The madman replies: Ouch – it’s a painful regret. We don’t know when your buying and selling occurred, but due to the stock splits that have taken place, if you had held on you would have a lot more stocks – each recently priced at almost $ 176.

If your trading took place before the August 2020 4-for-1 split, you would have 20,000 shares, recently valued at $ 3.5 million. If this happened before the 7-to-1 split in June 2014, you would have seven times 20,000, or 140,000 shares, with a recent value of almost $ 25 million. And if that happened before 2-for-1 split in June 2000 and 2-for-1 split in February 2005, you would have 560,000 shares worth almost $ 99 million.

While that might seem like a very stupid investment now, let go: no one could have known, at various points in the past, how incredibly well Apple would do. Still, it’s a prime example of the power of just hanging on to the stocks of companies you believe in that continue to grow and perform well. Also, keep in mind that stock splits aren’t as exciting as they seem, because even though they can suddenly multiply the number of stocks you own, stock prices are reduced proportionately. The splits are mainly math exercises.

Stupid anecdotes

Name this company

My roots go back to 1940, when two brothers opened a barbecue restaurant in California. In 1948, they switched to selling 15-cent burgers and made their restaurant more efficient with their “Speedee Service System”. In 1954, a visiting salesman was impressed. In 1961, he bought the rights to their name and operating system. Today, based in Chicago, I am a quick service powerhouse, with nearly 40,000 locations worldwide and a recent market value of nearly $ 200 billion. At the end of 2020, I employed around 200,000 people and over 2 million people were working for my franchises. Who am I?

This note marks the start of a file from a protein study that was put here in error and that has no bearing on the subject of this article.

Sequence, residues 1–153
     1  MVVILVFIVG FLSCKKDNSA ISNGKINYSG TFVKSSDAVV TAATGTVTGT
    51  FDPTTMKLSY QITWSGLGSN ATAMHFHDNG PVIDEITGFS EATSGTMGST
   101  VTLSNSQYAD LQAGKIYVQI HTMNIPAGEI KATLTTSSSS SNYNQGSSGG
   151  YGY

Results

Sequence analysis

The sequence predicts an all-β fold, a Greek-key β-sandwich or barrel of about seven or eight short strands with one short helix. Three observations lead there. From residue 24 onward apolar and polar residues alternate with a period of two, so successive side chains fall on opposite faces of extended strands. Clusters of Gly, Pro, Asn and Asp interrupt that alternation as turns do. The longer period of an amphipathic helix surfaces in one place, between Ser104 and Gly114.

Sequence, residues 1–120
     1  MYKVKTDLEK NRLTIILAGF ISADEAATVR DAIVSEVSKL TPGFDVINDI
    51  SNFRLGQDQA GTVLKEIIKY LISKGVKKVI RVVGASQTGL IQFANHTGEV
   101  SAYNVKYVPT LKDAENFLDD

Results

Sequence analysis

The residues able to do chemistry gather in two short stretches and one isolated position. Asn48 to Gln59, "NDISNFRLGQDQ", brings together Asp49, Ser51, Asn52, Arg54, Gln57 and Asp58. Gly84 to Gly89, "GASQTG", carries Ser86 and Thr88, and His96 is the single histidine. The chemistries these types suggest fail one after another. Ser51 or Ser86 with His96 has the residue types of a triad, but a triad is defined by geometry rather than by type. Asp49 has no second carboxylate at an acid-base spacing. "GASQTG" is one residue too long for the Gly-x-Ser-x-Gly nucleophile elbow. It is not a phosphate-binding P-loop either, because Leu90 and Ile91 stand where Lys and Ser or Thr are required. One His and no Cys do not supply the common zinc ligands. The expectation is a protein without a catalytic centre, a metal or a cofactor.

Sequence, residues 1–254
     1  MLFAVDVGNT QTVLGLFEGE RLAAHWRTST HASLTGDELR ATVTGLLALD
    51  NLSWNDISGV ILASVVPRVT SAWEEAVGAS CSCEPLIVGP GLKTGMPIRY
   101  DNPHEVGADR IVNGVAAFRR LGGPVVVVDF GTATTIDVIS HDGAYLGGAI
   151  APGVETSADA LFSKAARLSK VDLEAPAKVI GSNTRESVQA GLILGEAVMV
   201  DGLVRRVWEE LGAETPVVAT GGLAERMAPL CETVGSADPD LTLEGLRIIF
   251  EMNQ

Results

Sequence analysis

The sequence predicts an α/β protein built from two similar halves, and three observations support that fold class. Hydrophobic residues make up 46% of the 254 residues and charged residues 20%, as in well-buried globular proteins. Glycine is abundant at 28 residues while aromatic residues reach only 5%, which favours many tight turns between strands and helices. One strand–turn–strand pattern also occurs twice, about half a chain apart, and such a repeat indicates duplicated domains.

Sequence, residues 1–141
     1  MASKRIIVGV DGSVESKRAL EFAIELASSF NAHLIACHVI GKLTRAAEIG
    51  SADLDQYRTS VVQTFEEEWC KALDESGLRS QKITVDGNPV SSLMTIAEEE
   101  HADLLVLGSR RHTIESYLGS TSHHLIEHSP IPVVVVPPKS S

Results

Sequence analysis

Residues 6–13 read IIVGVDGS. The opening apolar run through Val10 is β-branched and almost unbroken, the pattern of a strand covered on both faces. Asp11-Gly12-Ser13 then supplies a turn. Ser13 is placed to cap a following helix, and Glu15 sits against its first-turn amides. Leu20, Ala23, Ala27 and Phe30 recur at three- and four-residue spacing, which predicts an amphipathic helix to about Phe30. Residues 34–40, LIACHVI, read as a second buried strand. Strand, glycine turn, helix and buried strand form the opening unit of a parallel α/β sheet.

Answer to questions from last week

My roots go back to 1869, when two fellows started a canning business in Camden, New Jersey. In 1895, I launched my first pot of ready-to-eat soup, Beefsteak Tomato. In 1897, I invented condensed soup, which allowed for more compact packaging and made soup more affordable. I won a bronze medal for excellence at the Universal Exhibition in Paris in 1900, and it remains on my cans today. My brands include Cape Cod, Goldfish, Kettle Brand, Lance, Milano, Pace, Pacific Foods, Pepperidge Farm, Prego, Snyder’s of Hanover, Swanson and V8. I now raise over $ 8 billion a year. Who am I? (Answer: Campbell Soup Co.)

The motley fool

Biotechnology packages

Do you want to invest in an exciting and growing sector? Think about biotechnology, where groups of companies (such as Amgen, Moderna and Gilead Sciences) are developing innovative therapies, some of which will be game-changing.

There are big drawbacks to investing in biotech stocks, however: many are very risky, stocks can be quite volatile, and it’s difficult to assess them if you don’t have a higher science degree. Fortunately, you can reduce the level of risk and volatility by investing in exchange-traded funds (ETFs) focused on the biotech industry.

ETFs are similar to mutual funds in that they can hold many stocks (and sometimes other assets), but like stocks, they trade on public exchanges. Like mutual funds, ETFs charge a fee (often called expense ratios) to cover their operating costs.

Here are some strong biotech-focused ETFs to consider: iShares Biotechnology ETF (IBB), SPDR S&P Biotech ETF (XBI), ARK Genomic Revolution ETF (ARKG), First Trust NYSE Arca Biotechnology Index Fund (FBT) and the VanEck Biotech FNB (BBH).

You can (and should) research all the ETFs that interest you, learn more about their fees, portfolios, and track record, among others. and are good places to start, as is each ETF’s own web page. You can find out more about ETFs (and mutual funds) in the “Investing Basics” corner on